Pet Columns, Office of Public Engagement, College of Veterinary Medicine at the University of Illinois at Urbana-Champaign

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Elbow Dysplasia: A Tale of Two Elbows


Pet Column for the week of January 29, 2007


Office of Public Engagement
2001 S. Lincoln Ave.
Urbana, Illinois 61802
Phone: 217/333-2907
Brookelyn Nitzkin
Information Specialist

Elbow dysplasia is the leading cause of lameness of the forelimb in large or giant breed dogs. The disease is thought to be inherited and affects both front limbs in the majority of animals. Dogs with this disease begin walking with a slight limp that eventually progresses into a significant form of arthritis.

The elbow joint in a dog is a very mobile joint and is utilized by dogs for many movements other than walking. Dr. Dominique Griffon, a veterinary orthopedic surgeon at the University of Illinois Veterinary Teaching Hospital, Urbana, Ill., explains, "The health of this joint proves to be extremely important because of its impact on the quality of life."

There are many different anatomic anomalies that can develop into elbow dysplasia, but all of these different problems have one commonality: they all lead to osteoarthrosis (arthritis), for which there is no good current treatment option.

To better diagnose and improve the treatment for this condition, Dr. Griffon is conducting a study of a specific surgical diagnostic tool. Griffon seeks to study one aspect of this disease: the incongruity of the radius and ulna, the two bones that comprise the forearm of a dog. Dogs with elbow dysplasia are predisposed to a malformation in which one bone is slightly shorter than the other, ensuring slight fractures that can cause this painful disease.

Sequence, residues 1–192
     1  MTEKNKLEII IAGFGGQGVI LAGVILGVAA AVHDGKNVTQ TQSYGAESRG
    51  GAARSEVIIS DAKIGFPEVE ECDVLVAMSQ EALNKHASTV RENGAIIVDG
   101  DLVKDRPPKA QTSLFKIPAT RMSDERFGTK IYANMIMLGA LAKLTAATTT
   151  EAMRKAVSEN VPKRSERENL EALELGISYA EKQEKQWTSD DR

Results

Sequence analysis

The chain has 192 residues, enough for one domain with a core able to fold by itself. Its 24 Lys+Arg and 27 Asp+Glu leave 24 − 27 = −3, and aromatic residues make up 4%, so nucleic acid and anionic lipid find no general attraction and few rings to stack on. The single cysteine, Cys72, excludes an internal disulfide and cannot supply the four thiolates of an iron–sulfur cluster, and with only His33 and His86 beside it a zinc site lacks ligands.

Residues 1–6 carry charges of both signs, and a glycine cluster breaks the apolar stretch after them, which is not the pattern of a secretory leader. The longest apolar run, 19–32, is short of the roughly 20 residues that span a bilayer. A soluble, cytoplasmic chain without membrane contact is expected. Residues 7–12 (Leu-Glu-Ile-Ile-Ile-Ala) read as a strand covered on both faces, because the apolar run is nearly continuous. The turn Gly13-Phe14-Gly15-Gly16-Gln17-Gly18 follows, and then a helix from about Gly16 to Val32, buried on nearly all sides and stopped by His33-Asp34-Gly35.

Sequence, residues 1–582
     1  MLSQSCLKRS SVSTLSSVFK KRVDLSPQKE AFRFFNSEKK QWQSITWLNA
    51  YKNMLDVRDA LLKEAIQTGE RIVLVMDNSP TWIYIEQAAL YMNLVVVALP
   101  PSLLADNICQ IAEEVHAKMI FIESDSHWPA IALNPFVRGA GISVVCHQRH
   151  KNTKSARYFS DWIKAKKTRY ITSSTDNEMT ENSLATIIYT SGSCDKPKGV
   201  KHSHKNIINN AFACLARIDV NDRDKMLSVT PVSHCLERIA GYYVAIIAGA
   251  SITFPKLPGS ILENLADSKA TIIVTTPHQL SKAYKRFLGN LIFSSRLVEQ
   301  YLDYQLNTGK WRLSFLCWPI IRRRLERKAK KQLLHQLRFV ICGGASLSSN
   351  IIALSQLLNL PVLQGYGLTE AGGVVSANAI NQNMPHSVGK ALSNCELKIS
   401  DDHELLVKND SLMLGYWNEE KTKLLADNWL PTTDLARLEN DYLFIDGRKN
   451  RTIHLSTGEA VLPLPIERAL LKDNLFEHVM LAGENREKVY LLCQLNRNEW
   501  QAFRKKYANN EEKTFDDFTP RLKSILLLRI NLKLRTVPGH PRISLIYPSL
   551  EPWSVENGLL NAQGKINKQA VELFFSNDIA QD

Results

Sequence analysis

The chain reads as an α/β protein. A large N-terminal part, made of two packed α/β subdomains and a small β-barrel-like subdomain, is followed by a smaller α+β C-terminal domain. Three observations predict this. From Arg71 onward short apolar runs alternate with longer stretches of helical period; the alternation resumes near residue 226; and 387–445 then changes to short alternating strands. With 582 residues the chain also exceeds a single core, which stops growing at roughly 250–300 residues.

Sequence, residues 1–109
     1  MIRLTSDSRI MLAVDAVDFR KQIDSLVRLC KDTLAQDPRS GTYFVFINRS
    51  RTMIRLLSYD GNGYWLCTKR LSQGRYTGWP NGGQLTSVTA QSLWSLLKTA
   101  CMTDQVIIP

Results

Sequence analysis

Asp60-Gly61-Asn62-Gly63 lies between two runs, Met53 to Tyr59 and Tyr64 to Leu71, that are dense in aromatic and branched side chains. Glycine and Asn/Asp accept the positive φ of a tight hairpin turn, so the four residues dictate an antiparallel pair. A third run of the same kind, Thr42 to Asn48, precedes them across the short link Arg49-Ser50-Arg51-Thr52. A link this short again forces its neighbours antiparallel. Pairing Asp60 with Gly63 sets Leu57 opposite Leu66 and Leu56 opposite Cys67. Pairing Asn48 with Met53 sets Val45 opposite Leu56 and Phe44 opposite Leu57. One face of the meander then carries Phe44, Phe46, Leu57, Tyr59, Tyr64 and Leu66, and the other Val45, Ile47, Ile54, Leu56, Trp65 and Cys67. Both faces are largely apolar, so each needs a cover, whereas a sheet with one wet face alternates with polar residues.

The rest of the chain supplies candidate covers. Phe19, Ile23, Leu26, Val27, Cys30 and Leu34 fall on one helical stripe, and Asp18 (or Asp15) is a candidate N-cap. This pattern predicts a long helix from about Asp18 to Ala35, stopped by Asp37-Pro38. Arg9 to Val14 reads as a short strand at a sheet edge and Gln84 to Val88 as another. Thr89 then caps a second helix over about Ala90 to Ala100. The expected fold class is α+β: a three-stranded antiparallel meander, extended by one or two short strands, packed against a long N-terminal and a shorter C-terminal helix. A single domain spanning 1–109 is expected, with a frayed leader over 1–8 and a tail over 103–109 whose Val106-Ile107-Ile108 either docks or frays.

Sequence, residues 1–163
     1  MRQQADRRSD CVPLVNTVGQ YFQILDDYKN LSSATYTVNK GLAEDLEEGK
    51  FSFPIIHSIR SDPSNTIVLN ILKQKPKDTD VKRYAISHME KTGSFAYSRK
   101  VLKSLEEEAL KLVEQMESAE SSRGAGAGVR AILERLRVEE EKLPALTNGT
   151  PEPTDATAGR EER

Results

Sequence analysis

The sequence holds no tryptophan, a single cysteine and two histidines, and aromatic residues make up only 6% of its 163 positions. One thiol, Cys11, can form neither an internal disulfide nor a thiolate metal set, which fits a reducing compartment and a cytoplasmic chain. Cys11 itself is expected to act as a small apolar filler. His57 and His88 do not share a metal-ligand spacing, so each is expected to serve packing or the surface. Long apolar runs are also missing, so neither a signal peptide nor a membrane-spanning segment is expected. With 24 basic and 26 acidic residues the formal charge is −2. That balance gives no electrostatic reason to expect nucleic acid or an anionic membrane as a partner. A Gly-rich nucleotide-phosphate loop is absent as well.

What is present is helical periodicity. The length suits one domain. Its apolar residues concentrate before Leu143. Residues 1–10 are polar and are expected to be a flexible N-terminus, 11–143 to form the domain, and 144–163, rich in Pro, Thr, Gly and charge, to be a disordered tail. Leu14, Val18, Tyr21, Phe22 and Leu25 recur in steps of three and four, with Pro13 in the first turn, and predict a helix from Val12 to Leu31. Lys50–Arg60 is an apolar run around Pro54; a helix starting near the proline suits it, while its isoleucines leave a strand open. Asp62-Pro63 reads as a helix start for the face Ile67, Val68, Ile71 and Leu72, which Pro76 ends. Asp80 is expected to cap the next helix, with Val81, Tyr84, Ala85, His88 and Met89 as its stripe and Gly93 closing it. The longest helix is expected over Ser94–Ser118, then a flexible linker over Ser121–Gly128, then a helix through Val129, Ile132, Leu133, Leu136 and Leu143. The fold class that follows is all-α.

The current management for elbow dysplasia involves diagnosis of the disease by use of a CAT scan. While this method of diagnosis is effective, it is a pricey endeavor that requires a lengthy general anesthesia. Dr. Griffon seeks to study the diagnostic value of arthroscopy that offers unparalleled visualization of the joint and allows simultaneous treatment. Arthroscopy involves a small surgical camera being inserted into the joint to view the potential problem. This new method may provide a more accurate diagnosis, potentially alleviating the need for a CT scan, thereby reducing diagnostic costs by approximately $500 and shortening the required anesthesia time for the dog.

Dr. Griffon and her team of researchers are seeking dogs that have been diagnosed with degenerative joint disease in the medical compartment of the elbow for inclusion in this study. The animals enrolled in this study will not be put through any invasive tests not normally done to diagnose and treat a condition of this nature. Participants will be granted a discount on services.

If you have a pet that might qualify and are interested, contact Carrie Bubb at cbubb@uiuc.edu or 217/265-5533.